Emotional Health Day: Putting feelings forward

24 February 2024

On Emotional Health Day, our Director of People & Culture, Vanessa Sampson, shares how we can all value our emotional health, not just for achieving better employee or job satisfaction, but for an improved level of overall wellbeing.

In today’s world, health is a huge topic, especially when it comes to business and employees. We can spend hours sorting out processes, policies and company objectives but easily forget what they’re really about – and that’s people! Psychologist, Daniel Goleman, defines emotional health as the ability to perceive, use, understand, manage, and handle emotions. Emotions are a huge part of everything we do in life, particularly in the workplace. But if I put myself in the shoes of the employee that I am, what can I do to value my own emotional health?


1. Build resilience.

Recognise that there will naturally be low-motivation days, mis-steps, high pressure projects - and that’s just work. Try building reflection points into your work week to reassess your boundaries, understand triggers and give yourself space to deal with uncomfortable situations in a pragmatic way.


2. Understand and practice empathy.

Having constructive interactions takes work. This comes with its challenges, achievements, and language which is a lot to process when you just want to crack on with your job. So, remember that conversations do not need to be ‘won’; as soon as I make it about being right and wrong, everyone loses.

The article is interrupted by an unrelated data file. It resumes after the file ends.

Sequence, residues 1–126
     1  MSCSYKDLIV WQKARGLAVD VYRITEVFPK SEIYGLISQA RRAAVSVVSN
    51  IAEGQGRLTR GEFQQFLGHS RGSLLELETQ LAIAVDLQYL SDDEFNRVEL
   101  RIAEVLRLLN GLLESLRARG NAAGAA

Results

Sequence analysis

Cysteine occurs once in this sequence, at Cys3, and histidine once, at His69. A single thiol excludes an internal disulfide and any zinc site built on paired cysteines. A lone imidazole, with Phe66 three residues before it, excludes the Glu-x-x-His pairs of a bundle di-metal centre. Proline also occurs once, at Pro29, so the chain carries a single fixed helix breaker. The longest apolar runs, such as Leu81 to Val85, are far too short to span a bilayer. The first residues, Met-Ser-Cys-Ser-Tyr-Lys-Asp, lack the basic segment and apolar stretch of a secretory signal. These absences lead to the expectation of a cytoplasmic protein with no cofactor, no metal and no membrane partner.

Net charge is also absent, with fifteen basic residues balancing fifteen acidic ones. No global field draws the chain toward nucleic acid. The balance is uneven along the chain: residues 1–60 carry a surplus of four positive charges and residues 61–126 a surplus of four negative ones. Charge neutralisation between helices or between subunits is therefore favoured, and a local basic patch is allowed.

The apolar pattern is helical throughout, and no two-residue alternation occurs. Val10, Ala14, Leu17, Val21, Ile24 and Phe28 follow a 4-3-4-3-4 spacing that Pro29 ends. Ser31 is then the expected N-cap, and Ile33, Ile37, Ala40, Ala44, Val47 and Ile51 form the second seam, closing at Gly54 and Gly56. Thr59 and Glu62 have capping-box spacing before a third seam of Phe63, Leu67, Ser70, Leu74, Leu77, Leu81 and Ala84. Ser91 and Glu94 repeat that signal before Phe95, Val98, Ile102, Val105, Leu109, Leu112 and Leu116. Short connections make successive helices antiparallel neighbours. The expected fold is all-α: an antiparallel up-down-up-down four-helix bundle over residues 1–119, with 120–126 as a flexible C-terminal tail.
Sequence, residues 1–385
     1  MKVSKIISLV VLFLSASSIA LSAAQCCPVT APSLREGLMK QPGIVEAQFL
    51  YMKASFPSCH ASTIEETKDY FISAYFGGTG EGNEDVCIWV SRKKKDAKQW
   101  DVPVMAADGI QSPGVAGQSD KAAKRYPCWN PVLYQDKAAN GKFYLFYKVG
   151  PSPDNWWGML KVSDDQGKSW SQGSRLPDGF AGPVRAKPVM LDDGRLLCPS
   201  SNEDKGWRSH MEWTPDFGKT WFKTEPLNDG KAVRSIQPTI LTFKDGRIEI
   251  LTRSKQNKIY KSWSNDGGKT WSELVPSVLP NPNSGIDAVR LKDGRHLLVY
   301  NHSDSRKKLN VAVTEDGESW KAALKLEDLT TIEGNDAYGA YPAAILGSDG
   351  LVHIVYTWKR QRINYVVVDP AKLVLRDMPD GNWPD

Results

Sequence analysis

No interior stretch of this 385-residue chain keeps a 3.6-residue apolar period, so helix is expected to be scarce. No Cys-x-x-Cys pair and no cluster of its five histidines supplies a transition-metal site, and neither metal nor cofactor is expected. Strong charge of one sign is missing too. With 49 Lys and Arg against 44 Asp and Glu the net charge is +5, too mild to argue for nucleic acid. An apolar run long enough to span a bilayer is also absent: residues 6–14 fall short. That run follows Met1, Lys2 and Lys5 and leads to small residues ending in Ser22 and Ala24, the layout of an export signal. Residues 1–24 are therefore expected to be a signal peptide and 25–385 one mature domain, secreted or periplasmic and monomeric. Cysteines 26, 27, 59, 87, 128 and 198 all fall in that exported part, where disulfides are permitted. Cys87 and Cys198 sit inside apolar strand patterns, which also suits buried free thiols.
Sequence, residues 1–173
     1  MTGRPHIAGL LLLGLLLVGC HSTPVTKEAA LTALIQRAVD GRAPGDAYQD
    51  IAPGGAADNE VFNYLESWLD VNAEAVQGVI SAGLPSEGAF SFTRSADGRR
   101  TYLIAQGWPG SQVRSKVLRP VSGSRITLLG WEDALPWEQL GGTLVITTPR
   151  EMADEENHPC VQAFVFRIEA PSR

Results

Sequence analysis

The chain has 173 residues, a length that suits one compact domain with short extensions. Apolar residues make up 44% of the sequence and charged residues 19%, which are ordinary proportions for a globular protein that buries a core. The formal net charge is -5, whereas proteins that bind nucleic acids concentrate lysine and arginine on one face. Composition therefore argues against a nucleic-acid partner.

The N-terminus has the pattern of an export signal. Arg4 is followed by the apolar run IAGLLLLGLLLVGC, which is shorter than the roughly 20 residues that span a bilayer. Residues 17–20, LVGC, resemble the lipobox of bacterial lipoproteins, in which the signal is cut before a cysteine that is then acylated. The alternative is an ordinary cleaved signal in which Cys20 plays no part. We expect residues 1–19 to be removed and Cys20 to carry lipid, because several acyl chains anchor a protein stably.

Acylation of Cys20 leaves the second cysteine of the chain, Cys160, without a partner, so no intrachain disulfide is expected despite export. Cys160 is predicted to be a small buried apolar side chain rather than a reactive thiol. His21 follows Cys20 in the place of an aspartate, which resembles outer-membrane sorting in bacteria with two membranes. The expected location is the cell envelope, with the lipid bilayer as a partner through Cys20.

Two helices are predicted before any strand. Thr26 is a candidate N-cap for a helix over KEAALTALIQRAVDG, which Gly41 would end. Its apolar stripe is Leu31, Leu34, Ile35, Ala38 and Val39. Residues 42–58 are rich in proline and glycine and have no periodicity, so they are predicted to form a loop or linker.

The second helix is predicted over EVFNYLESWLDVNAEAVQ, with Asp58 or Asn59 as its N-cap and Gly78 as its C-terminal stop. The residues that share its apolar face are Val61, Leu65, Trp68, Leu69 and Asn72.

3. Ask questions and actively listen.

Facing a difficult situation? To help reach a common goal, take time to reflect on what you need to work at your best and confidently speak up about those needs. When you set boundaries and provide solutions, everyone can get more easily on board.


4. Confronting discomfort.

Some exchanges can be unsettling. Sometimes it’s easier to avoid tricky subjects, making do and dismissing important feelings. However, resilience, empathy and asking questions allows us to navigate discomfort. When challenged, be curious: why is this happening? What’s actually going on? How can a constructive solution be found?


Of course, we also need workplace environments where trust and psychological safety are not just buzzwords but are at the centre of a carefully nurtured culture. Everyone has the duty to use their voice and learn. Employers can support emotional health in a myriad of ways: by acknowledging its importance in the employee happiness cycle, by nurturing a trusting and safe culture, by encouraging continual learning and curiosity, and by supporting everyone in prioritising their own wellbeing.

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